In many parts of Celtic Britain, the Monks and Abbots simply ignored these new orders from Rome, but eventually all Britain was brought into a measure of compliance one way or another.  One of the ways chosen was both spiritually and politically expedient.  All of the sites of Celtic Monasteries were eventually offered to other monastic groups, such as monks from Cluny, many Benedictine Houses, Cistercians, Augustinians, and others.  This created the appearance of supporting the monastic work of these places, but served to displace the Celtic Traditions responsible for establishing the work.

The factor ignored in any legislating of spirituality is that living things reproduce.  It is precisely because the Celtic monks embodied a vital aspect of Christianity that we are still aware of their work and ministry.  Many people would like to focus only on the ways that these primitive Christians differed from the rest of the Church in problematic ways, but I would rather learn about the ways that led them to Life.

We could spend much time on some of their peculiar observances, for example that many Celtic clerics were not celibate, but lived in monastic community with their wives and children.  But let us rather look at the style of life and devotion chosen by these peculiar people.


Life in a Celtic Monastery

If you were to find yourself somehow transported back to the seventh century here in Northumbria, you might try to find a monastery, but you had better learn what to look for.

To start out, it is likely that there were few stone buildings in Northumbria at that time, so looking for a modern “ancient” abbey would probably get you nowhere.  Even castles were mostly made of wood and daubed with mud at that time.  To find a stone church or abbey you might have to go as far south as York.  However, you could ask anyone along the Great Coastal Road (that’s the A1) where to find some Christian monks, and you would undoubtedly be directed to the new settlement at Lindisfarne.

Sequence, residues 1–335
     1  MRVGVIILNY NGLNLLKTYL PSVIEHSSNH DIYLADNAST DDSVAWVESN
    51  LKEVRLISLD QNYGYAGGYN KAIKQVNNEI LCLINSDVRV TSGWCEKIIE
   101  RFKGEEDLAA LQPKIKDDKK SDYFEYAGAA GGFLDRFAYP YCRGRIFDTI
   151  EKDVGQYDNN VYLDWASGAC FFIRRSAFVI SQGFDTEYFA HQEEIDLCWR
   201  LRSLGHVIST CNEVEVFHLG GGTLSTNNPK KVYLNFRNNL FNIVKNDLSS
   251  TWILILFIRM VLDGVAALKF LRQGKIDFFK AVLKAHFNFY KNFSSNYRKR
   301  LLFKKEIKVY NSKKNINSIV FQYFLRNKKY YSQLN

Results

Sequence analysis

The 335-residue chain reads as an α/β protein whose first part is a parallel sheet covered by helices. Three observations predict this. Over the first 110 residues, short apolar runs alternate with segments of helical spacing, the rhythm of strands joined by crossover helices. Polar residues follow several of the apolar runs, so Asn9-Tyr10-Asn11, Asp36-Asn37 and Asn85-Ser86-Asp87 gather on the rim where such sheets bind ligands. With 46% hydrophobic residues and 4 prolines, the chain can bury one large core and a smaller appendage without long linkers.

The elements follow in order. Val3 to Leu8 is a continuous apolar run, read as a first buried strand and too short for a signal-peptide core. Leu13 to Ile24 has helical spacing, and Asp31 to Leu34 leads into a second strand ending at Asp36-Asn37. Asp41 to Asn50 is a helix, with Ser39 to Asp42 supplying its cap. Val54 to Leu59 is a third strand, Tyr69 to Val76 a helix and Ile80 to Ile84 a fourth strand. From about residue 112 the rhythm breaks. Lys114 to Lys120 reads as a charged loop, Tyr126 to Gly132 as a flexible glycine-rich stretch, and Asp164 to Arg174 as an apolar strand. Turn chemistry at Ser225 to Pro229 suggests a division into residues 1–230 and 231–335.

Arriving on Holy Island, yes it already had that name as well, you would locate the monastery as a small circle of wooden huts with a larger rectangular building at one end. This building would serve as chapel and gathering hall, until such time as a larger, more permanent building could be erected.  Each monk lived in their own hut, or cell, more like hermits in a group than brothers in a family.

This contributed to each monks need for solitude and privacy, but unlike hermits, gave the opportunity for close interaction at the Hours, and at meal times, some of which were held in common.

Very scant information exists as to the nature of the Monastic day at this time.  We know, for example that the Hours were observed by Celtic Christians, and that all participate fully in the observances of these Hours, but we do not know what prayers or texts were used.  This is a sad loss, since the scraps of information we do have, and the traces of Celtic prayers surviving in adapted form in Ireland and The Highlands have been a source of great blessing to anyone who encounters them. The original Office must have been an inspiring work indeed!

These Daily Offices were observed at least three, and possibly six times a day.  Since “business‑people” were excused from the rigors of attending Office, there was a recommendation to recite the prayers in their hearts, wherever their business took them.  The few traces and survivals of these prayers that we know about are found in books like the Carmina Gaedelica of Scotland, and some of the martyrologies of Irish monks, written in Old‑Irish. These are gradually being deciphered, so the future does at least hold the prospect of more information about them.

For the form and text of Holy Communion, we again rely on a few sources, none of them as old as we would like.  In the Book of Deer, and the Stowe Missal, we have shadows if not the substance of the Celtic Liturgy.  This liturgy has been translated in part by R C West for the SPCK, but so many prayers have been shortened or edited by him, that I think an entire translation still needs to be done.

For those of you who read Latin, the whole text of the Stowe Missal is found in F E Warren’s wonderful book, ‘The Liturgy and Ritual of the Celtic Church’.  I hope to translate some of these things myself, but it will be a few months, if not years, till I find the time.  Moving on from the formal to the informal, we may look at the lifestyle of a visitor or member of one of these communities.